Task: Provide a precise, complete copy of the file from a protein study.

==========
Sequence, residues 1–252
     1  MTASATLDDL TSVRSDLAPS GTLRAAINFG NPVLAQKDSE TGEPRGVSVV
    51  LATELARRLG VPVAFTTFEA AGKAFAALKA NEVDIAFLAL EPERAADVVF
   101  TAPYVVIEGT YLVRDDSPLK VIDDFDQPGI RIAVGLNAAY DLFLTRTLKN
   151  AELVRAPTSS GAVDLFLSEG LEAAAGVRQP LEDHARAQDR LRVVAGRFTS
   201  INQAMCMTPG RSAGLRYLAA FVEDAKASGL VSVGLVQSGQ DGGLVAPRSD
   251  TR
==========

Sequence, residues 1–252
     1  MTASATLDDL TSVRSDLAPS GTLRAAINFG NPVLAQKDSE TGEPRGVSVV
    51  LATELARRLG VPVAFTTFEA AGKAFAALKA NEVDIAFLAL EPERAADVVF
   101  TAPYVVIEGT YLVRDDSPLK VIDDFDQPGI RIAVGLNAAY DLFLTRTLKN
   151  AELVRAPTSS GAVDLFLSEG LEAAAGVRQP LEDHARAQDR LRVVAGRFTS
   201  INQAMCMTPG RSAGLRYLAA FVEDAKASGL VSVGLVQSGQ DGGLVAPRSD
   251  TR